10 Most of what follows also critically bears upon salient aspects of the thesis advanced by Paul Eidelberg in The Philosophy of the American Constitution.
11 Cooke, Jacob E., ed., The Federalist (New York: Meridian, 1961), p. 324Google Scholar. All subsequent citations to The Federalist are from this edition.
12 Jefferson, for example, was most critical of the Virginia Constitution of 1776 precisely because the powers of government were concentrated. In his oft-quoted words, “All the power of government, legislative, executive, and judiciary, result to the legislative body. The concentrating of these in the same hands is precisely the definition of despotic government. It will be no alleviation that these powers will be exercised by a plurality of hands and not by a single one. One hundred and seventy-three despots would surely be as oppressive as one.” [Peden, William, ed., Notes on the State of Virginia (New York: Norton, 1954), p. 120.Google Scholar] It is also interesting to note that both of Jefferson's drafts of a constitution for the state of Virginia (1776 and 1783) contain specific provisions for separation of powers.
John Adams, unlike Jefferson, can be viewed as a proponent of a mixed or balanced government wherein distinct classes would be represented, each with a veto over proposed legislation. See his A Defense of the Constitution of Government of the United States of America in The Works of John Adams, ed. Adams, Charles Francis (Boston: Little Brown, 1850–1856), Vols. 4 and 5Google Scholar. It should be pointed out that Adams' views never gained currency because the social structure of the United States, very dissimilar from that of England, was not amenable to such a balanced government. On this point see Vile, M. J. C., Constitutionalism and the Separation of Powers (Oxford: Clarendon Press, 1967), pp. 148–51Google Scholar. Also see our discussion below.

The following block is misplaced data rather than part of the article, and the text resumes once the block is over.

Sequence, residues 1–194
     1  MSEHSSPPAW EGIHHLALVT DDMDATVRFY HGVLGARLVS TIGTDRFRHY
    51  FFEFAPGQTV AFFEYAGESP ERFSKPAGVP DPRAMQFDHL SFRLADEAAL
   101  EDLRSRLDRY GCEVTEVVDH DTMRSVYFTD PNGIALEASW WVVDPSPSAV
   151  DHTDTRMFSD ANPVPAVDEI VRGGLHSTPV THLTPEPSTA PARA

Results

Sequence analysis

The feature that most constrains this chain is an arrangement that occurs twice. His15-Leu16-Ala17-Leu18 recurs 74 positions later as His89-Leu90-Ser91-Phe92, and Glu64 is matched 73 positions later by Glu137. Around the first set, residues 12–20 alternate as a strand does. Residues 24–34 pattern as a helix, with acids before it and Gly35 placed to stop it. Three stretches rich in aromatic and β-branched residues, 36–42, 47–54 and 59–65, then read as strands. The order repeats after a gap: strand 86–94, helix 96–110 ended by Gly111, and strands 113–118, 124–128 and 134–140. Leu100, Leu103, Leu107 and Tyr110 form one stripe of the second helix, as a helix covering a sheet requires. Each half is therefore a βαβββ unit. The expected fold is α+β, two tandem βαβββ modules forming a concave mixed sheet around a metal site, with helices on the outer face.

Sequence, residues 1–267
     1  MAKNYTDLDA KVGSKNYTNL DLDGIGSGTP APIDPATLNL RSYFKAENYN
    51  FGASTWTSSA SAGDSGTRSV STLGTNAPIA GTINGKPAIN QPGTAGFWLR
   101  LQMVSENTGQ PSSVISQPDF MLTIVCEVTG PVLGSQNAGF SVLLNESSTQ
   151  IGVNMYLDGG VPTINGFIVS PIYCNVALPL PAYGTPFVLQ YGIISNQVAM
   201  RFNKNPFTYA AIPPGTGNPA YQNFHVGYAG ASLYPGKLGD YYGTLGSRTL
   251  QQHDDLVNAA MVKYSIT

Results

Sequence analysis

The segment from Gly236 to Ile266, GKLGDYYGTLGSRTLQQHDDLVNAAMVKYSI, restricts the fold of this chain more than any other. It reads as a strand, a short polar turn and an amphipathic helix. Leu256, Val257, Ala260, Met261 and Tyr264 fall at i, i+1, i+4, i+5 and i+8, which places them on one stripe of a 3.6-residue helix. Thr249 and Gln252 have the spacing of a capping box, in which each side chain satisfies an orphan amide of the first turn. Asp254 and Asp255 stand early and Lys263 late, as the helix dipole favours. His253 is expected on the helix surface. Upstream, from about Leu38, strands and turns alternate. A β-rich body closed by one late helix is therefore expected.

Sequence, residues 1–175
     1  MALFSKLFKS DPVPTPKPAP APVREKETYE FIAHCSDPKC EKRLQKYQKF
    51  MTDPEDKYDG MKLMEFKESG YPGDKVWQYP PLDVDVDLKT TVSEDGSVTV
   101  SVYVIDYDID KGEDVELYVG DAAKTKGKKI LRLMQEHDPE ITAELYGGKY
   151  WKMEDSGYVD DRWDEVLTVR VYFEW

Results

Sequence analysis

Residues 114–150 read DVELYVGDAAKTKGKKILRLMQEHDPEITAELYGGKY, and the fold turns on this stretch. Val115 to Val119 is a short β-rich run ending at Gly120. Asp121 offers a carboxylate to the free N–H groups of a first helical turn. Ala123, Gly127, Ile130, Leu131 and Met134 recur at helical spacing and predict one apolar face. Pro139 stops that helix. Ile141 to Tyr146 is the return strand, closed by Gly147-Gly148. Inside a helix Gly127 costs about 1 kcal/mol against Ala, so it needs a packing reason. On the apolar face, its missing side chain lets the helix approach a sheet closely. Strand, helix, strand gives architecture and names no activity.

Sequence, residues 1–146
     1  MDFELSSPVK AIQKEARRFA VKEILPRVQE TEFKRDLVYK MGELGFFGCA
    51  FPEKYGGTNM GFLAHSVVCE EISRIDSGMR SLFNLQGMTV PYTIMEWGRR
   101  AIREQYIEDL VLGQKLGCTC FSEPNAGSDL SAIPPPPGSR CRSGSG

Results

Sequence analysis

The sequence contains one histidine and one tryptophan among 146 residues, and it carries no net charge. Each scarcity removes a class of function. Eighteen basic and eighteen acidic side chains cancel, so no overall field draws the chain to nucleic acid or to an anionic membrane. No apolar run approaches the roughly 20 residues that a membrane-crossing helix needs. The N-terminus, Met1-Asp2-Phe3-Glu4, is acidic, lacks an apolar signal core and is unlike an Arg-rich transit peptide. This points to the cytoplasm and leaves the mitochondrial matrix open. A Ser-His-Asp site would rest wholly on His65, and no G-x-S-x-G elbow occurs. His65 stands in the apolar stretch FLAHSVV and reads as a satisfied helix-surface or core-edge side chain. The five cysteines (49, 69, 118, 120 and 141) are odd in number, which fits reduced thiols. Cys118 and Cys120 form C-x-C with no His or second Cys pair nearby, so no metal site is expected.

13 These states were Georgia, Massachusetts, Virginia, Maryland, New Hampshire, and North Carolina. See Thorpe, Francis N., comp., The Federal and State Constitutions, 7 vols. (Washington, D.C.: Government Printing Office, 1909)Google Scholar.
14 Tansill, Charles C., ed., Documents Illustrative of the Formation of the Union of the American States (Washington, D.C.: Government Printing Office, 1927) at pp. 1028–29, 1045, and 1053Google Scholar.
15 On the difficulties surrounding implementation of the doctrine, particularly with respect to the legislative and judicial branches see Corwin, Edward S., “The Progress of Constitutional Theory Between the Declaration of Independence and the Meeting of the Philadelphia Convention,” The American Historical Review, 30 (April 1925), pp. 511–36CrossRefGoogle Scholar.
16 For two excellent works dealing with the development of the doctrine of separation of powers see Vile, Constitutionalism and the Separation of Powers, and Gwyn, William B., The Meaning of the Separation of Powers, Tulane Studies in Political Science, Vol. 9 (New Orleans, La.: Tulane University Press, 1965)Google Scholar.
17 Documents Illustrative, p. 273. Because we lacked such social “orders,” Patrick Henry argued that any system of separation of powers would be ineffective. Elliot, Jonathan, ed., Debates on the Adoption of the Constitution, rpt., Vol. 3 (New York: Lenox Hill, 1974). 165Google Scholar.
18 Jowett, Benjamin, trans., Politics [Bk.4, Ch. 11] (New York: Modern Library, 1943), p. 189Google Scholar.
19 A Second Treatise of Civil Government (Ch. 18, Sect. 201) (Chicago: Gateway edition, 1955), p. 169Google Scholar.